The Most Common Scale
Bass Guitar Lessons – The Major Scale – > The major scale is one of the most widely used and well-known scales in all of music. In fact, you probably already know how it sounds. Here’s the Von Trapp family singing “Do-Re-Mi” in the film, The Sound of Music. They are singing a C major scale (do-re-mi-fa-so-la-ti-do)
The Importance of the Major Scale
Most of what you play on the bass is built on and/or revolves around the major scale. It serves as a reference point for so many other things that you learn. You will most likely use it – in some shape or form – every time you play. To understand the construction of bass lines, and other bass scales, you first need to understand the major scale.
The Major Scale in Steps
Scales can be understood by how they are constructed in steps (intervals). Steps are the number of frets between notes in a scale. The major scale is comprised of 2 types of steps:
- Whole Step – 2 frets up or down a scale – abbreviated with a “W”
- Half Step – 1 fret up or down a scale – abbreviated with an “H”
The diagram below shows a whole step and half step on a bass fretboard:
The major scale is constructed using this pattern of steps: W-W-H-W-W-W-H. A half-step occurs between the 3rd and 4th notes of the scale, and again between the 7th and 8th (root) of the scale. All other notes are a whole-step apart.
Below is a diagram of the C Major Scale showing the steps taken after each note:
4 Fret Major Scale Pattern and Fingering
The major scale can be played a number of ways on the bass. The first way you should learn to play it is using the 4 fret span pattern. Below is a diagram that shows the major scale in the four span pattern. Each note is numbered indicating the finger you should use on each note. As a reminder, this is how your fingers are numbered:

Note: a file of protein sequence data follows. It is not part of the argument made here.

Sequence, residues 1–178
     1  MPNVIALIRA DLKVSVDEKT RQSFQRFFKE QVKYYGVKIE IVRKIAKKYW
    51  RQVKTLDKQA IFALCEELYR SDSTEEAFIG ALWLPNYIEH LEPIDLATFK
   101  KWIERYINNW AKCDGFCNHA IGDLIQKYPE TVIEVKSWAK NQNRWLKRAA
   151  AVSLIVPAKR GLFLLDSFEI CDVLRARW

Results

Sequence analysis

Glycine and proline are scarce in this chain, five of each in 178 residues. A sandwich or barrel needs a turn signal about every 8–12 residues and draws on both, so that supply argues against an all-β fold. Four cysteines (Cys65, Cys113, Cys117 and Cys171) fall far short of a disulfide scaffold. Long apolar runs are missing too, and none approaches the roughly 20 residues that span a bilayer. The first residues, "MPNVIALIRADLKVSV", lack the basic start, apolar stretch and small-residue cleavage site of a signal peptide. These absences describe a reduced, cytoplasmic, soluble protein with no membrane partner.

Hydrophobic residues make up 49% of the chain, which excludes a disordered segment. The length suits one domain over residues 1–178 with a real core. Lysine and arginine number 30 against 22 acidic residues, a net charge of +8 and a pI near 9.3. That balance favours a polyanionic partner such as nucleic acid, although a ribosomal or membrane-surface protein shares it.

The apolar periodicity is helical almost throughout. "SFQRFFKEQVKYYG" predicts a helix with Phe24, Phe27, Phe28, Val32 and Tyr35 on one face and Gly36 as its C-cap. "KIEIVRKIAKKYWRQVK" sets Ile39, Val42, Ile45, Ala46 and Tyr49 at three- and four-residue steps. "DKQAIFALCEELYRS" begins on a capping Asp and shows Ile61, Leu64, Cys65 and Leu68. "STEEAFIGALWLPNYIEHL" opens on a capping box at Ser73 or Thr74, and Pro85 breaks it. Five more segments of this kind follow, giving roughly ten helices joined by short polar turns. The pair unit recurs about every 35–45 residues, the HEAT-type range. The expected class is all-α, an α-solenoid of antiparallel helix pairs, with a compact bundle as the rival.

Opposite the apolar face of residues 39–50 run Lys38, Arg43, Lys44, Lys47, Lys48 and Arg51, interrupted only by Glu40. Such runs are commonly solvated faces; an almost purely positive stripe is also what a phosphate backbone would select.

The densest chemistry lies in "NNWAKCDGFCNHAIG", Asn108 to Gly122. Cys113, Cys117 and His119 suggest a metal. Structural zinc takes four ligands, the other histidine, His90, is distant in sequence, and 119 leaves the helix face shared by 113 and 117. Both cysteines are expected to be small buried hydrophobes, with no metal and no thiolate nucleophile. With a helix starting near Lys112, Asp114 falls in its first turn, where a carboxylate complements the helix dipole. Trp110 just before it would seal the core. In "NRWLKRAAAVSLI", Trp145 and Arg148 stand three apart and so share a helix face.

Start with your 2 (middle) finger on the root note and shift it down as you get to the 4th note.
This pattern can be used to play a major scale anywhere on the bass if starting with root notes on the E string or A string. Commit this pattern to memory and practice it often. Once you know it, you will be able to play the major scale all over the fretboard in any key.
Here is a video of me playing the a A major scale, and then C major scale using the 4 fret pattern. You can play this pattern all over the fretboard for any scale and it works:
Applying the W-W-H-W-W-W-H Major Scale Pattern
Again, the major scale is constructed using these steps between notes: W-W-H-W-W-W-H
In some cases it’s easier to remember this pattern rather than to use the 4 fret span pattern. For example, when I’m playing a major scale starting on the open strings, I remember this step pattern.
Below is a diagram of an E Major scale starting on the open E using the W-W-H-W-W-W-H pattern:
I also like to use the W-W-H-W-W-W-H pattern when I start a scale on the 2nd (D) String. Here is a diagram of G Major scale that starts on the higher octave G – 5th fret – D string
Applying the Major Scale
The major scale is the most commonly played scale on the bass. It is used in every style and genre of music. In general, the major scale is applied to give songs a happy, cheerful sound. However, variations and modes of the scale can be played to create just about any type of desired feeling and/or sound of a song.
Songs that Use the Major Scale
Here’s a video of me playing “ABC” by the Jackson 5. The bass line is comprised entirely of the Ab (G#) major scale. Notice also how I am using the 4 fret span fingering pattern:
“You Shook Me All Night Long” by AC/DC – the bass line is constructed using G major:
“Fortunate Son” by Creedence Clearwater Revival – This bassline is constructed with an E major scale:
Bass Guitar Lessons – The Major Scale